https://www.readbyqxmd.com/read/27914084/the-zebrafish-as-a-model-for-human-bacterial-infections
#4
Melody N Neely
The development of the zebrafish (Danio rerio) infectious disease model has provided new insights and information into pathogenesis. Many of these new discoveries would not have been possible using a typical mammalian model. The advantages of using this model are many and in the last 15 years the model has been exploited for the analysis of many different pathogens. Here, we describe in detail how to perform a bacterial infection using either the adult zebrafish or zebrafish larvae using microinjection. Multiple methods of analysis are described that can be used to address specific questions pertaining to disease progression and the interactions with the immune system...
2017: Methods in Molecular Biology
https://www.readbyqxmd.com/read/27914063/episweep-computationally-driven-reengineering-of-therapeutic-proteins-to-reduce-immunogenicity-while-maintaining-function
#5
Yoonjoo Choi, Deeptak Verma, Karl E Griswold, Chris Bailey-Kellogg
Therapeutic proteins are yielding ever more advanced and efficacious new drugs, but the biological origins of these highly effective therapeutics render them subject to immune surveillance within the patient's body. When recognized by the immune system as a foreign agent, protein drugs elicit a coordinated response that can manifest a range of clinical complications including rapid drug clearance, loss of functionality and efficacy, delayed infusion-like allergic reactions, more serious anaphylactic shock, and even induced auto-immunity...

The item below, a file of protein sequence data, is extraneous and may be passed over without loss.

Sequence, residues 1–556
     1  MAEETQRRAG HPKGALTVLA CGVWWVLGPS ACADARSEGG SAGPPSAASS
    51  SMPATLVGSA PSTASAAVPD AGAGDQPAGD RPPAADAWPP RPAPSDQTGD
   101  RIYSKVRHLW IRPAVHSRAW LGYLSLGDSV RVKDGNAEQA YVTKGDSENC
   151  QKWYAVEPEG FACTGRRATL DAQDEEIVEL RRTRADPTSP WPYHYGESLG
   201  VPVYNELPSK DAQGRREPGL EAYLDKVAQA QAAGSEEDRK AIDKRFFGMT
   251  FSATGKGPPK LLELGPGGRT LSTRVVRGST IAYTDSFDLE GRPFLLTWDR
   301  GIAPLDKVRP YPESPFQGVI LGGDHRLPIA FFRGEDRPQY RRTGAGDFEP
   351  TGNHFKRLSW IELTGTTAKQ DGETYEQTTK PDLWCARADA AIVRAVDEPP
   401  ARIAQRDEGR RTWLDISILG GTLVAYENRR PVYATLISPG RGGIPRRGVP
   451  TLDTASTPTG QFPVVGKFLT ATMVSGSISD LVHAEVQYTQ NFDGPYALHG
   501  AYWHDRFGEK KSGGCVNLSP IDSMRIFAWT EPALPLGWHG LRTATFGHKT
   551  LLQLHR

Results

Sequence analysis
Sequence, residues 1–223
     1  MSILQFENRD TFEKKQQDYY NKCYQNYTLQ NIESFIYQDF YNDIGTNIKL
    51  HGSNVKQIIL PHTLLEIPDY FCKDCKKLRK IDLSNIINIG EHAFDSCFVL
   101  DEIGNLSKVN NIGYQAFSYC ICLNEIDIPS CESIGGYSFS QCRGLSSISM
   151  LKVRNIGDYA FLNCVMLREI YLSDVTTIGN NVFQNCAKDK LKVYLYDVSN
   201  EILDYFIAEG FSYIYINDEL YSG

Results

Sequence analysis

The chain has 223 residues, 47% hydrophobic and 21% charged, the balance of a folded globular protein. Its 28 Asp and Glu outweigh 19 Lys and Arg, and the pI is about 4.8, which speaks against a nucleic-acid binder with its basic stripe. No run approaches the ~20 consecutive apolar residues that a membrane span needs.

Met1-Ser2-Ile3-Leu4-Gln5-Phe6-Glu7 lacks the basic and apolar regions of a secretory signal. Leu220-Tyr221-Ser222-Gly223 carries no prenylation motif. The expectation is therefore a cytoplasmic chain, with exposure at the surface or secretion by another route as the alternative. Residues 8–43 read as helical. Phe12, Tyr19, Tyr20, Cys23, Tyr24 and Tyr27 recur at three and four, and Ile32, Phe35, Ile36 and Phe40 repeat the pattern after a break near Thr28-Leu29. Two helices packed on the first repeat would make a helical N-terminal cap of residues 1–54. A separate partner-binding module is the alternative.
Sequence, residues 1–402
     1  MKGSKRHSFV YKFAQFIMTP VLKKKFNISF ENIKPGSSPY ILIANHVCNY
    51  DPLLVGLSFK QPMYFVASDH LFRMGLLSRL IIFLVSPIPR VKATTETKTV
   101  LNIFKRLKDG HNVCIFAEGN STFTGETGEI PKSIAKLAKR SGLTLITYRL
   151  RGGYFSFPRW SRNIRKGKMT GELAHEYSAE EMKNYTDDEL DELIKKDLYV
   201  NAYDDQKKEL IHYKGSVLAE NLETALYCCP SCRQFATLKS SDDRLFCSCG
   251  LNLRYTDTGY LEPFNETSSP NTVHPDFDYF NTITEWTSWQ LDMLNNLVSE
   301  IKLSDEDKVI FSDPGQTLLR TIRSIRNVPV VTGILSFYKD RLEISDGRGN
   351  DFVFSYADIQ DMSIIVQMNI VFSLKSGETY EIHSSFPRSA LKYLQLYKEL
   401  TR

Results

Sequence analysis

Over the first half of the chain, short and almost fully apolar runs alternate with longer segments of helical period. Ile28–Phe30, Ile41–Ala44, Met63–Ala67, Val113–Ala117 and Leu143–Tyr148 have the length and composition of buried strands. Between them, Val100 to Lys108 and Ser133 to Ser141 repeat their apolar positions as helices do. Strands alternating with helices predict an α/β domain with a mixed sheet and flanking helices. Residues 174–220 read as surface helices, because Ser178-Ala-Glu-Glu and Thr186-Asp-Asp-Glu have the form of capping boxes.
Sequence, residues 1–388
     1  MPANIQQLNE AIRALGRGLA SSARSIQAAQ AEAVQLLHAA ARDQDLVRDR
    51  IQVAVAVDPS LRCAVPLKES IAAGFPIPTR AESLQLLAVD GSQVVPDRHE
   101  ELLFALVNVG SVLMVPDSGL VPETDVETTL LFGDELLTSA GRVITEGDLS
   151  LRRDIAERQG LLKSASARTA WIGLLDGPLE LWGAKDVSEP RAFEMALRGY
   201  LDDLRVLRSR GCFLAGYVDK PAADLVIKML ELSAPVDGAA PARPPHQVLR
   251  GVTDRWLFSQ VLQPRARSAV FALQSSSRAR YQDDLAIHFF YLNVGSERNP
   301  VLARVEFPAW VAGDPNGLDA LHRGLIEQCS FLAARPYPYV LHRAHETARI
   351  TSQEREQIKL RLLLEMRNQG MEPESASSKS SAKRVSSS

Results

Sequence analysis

2017: Methods in Molecular Biology
https://www.readbyqxmd.com/read/27914061/probing-oligomerized-conformations-of-defensin-in-the-membrane
#6
Wenxun Gan, Dina Schneidman, Ning Zhang, Buyong Ma, Ruth Nussinov
Computational prediction and design of membrane protein-protein interactions facilitate biomedical engineering and biotechnological applications. Due to their antimicrobial activity, human defensins play an important role in the innate immune system. Human defensins are attractive pharmaceutical targets due to their small size, broad activity spectrum, reduced immunogenicity, and resistance to proteolysis. Protein engineering based modification of defensins can improve their pharmaceutical properties. Here we present an approach to computationally probe defensins' oligomerization states in the membrane...
2017: Methods in Molecular Biology
https://www.readbyqxmd.com/read/27913998/immunotherapy-for-breast-cancer-past-present-and-future
#7